Here’s how to switch Game Mode on a Samsung 4K TV:
- Press the “Home” button and select “Menu.”
- Find Settings, then choose All Settings.
- Select Game Mode Settings.
- Choose Game Mode and turn it on or off. Adjust your game mode settings.
And you’re done…
You’re now safe from blurry 1080p gaming content on a 4K TV.
With that, you can now make the most of your gaming experience.
Important note: Switching game modes may differ for different TV Brands.
Make sure to follow your TV manual found in the box or search it online to get your TV on game mode.
#5: Expect quality changes
I’ve warned you.
The quality turns out to change for better or for worse.
So, there’s a chance that images will become blurry when watching images and videos on 4K TV.
“Why does the image blur?”
To fit the screen, the image will have to resize…
Therefore causing the image to become blurred.
Remember, 1080p is smaller compared to 4K.
But it’s not all bad news…
The details on 1080p content are more emphasized on 4K TV.
Now it depends on the brand’s upscaling technology. Whether it makes the quality change for the best, or the worst.
For example, the Samsung S95B is designed to improve 1080p or HD content.
You can trust that the quality will be better, with no blurring issues.
And with the image being close-up, it makes viewing better and more realistic.
It’s like you’re in there and part of it.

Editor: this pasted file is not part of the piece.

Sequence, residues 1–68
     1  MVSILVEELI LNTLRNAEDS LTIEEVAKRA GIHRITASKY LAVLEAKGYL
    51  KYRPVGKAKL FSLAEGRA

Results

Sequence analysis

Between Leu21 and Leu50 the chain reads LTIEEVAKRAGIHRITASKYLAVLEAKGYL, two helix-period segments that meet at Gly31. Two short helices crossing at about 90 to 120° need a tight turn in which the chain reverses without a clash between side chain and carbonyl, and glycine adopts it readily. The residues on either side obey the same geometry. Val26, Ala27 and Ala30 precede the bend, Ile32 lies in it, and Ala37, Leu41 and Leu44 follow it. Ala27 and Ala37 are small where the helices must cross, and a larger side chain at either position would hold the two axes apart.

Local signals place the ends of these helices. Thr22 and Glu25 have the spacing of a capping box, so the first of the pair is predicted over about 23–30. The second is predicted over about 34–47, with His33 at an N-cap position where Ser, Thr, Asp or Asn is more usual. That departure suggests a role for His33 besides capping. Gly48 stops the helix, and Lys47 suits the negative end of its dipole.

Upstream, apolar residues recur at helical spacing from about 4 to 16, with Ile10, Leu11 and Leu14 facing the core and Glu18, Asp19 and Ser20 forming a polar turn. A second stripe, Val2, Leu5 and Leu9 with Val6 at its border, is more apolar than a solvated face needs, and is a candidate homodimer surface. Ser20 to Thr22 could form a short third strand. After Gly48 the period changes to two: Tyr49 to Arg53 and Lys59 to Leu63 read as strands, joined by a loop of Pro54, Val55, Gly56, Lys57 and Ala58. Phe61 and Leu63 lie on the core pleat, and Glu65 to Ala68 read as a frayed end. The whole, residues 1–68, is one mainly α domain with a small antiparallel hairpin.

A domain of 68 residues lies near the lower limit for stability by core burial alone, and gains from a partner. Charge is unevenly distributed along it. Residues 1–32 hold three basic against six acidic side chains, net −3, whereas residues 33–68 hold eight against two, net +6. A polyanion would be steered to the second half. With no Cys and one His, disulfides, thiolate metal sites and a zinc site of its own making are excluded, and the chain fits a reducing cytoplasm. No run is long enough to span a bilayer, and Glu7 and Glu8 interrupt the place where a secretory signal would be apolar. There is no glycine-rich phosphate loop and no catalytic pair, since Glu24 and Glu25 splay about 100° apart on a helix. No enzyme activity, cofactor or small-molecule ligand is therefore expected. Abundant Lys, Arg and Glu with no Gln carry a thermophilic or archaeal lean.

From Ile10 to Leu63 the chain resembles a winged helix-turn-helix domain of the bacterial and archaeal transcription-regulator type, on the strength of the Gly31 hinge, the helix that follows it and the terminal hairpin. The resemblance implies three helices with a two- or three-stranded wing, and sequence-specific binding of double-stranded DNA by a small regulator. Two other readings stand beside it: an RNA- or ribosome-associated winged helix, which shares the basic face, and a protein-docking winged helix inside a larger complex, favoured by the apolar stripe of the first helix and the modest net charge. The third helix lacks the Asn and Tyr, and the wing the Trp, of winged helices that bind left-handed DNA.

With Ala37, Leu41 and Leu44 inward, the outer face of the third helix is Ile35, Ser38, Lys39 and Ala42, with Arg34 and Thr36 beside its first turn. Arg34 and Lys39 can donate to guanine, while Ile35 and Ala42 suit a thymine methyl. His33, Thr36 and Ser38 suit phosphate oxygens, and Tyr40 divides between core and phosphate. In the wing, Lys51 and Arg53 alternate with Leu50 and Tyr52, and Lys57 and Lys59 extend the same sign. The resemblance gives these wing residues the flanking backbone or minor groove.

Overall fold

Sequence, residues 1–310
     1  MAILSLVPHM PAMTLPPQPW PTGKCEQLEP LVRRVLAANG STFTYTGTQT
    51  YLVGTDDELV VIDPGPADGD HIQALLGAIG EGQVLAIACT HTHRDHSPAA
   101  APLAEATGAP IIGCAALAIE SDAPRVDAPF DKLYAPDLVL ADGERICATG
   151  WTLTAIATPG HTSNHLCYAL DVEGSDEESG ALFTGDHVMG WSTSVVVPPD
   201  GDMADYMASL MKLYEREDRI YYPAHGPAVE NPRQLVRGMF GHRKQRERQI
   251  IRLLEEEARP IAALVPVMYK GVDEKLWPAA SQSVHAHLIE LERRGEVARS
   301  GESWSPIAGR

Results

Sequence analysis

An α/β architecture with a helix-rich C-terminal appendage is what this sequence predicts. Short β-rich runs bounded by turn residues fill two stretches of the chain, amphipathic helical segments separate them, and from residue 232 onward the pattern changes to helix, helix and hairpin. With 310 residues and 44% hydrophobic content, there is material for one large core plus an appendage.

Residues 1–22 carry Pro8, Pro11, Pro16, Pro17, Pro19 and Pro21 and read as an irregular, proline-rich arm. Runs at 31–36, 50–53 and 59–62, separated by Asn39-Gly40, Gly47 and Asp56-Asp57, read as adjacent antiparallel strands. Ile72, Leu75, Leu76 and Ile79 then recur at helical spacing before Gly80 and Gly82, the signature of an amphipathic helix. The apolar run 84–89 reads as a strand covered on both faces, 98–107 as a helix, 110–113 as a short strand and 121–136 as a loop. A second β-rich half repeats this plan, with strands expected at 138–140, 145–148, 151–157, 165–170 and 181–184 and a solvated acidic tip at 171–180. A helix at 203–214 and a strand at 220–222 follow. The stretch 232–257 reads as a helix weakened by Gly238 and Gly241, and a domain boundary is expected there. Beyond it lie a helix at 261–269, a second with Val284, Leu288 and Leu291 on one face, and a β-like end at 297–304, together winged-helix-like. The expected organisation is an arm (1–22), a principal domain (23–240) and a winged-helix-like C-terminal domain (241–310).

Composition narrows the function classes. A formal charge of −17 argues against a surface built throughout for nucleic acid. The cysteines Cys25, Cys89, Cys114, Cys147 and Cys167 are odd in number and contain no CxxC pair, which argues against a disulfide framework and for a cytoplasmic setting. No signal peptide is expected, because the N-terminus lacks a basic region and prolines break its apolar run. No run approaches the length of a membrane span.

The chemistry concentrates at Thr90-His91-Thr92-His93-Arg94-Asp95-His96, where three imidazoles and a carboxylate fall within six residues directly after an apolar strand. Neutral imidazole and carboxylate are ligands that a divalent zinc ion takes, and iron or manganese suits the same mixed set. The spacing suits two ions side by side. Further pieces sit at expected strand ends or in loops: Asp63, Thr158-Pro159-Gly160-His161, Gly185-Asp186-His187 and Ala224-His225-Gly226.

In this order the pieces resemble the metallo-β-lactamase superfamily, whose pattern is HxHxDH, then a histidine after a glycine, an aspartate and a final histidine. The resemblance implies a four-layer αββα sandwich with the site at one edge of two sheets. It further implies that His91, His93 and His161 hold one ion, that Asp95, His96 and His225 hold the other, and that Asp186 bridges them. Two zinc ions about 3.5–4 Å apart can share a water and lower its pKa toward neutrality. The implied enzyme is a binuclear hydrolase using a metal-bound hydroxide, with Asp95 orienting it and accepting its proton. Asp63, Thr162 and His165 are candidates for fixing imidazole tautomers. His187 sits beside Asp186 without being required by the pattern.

But other TVs don’t do that.
So make sure where you play your 1080p content has the technology to make it better.
4K is better and we know it
From Smart TVs to HD and now, 4K…
We sure moved from blur to crisp watching experience.
And if you search around the market today, gone are the days of 1080p TVs.
The star of the show now is 4K TVs, supported with Alexa, upscaling, and other advanced technology.
What makes 4K so much better?
Imagine an image zoomed 4 times, except it’s clear and life-like, that is 4K.
1080p also houses high quality but compared to 4K, it’s not as crisp.
That’s why everything is best with 4K. Everything is optimized including:
- Lifelike resolution.
The details of feathers or hair are vivid in 4K.
Now, we know how good 1080p looks good on 4K but…
Read Next: Smart TV vs HDTV: What’s The Difference?
How does 4K look on a 1080P TV?
4K looks good on 1080p TV for some, but not for everyone.
Contrary to how 4K TV brings out the best in 1080p content…
1080p compresses the quality of 4K.
However, you can still play 4K content on 1080p TV…
But it’s not the best idea to do so.
That’s because for 4K to play on 1080p TV, it’ll be downsampled.
Think of downsampling as reducing the size of the photo to fit its screen.
So, the large image will be compressed since 4K is 4 times the size of 1080p.
Try to zoom out a photo. You’ll better understand how 4K works on a 1080p TV.
Moreover, resizing isn’t the only one. The quality also has changed the sharpness, colors, etc.
And some say 4K content looks better on 1080p…
While others say it’s better to play it on 4K TV instead.
Regardless, let your personal experience serve as the deciding factor.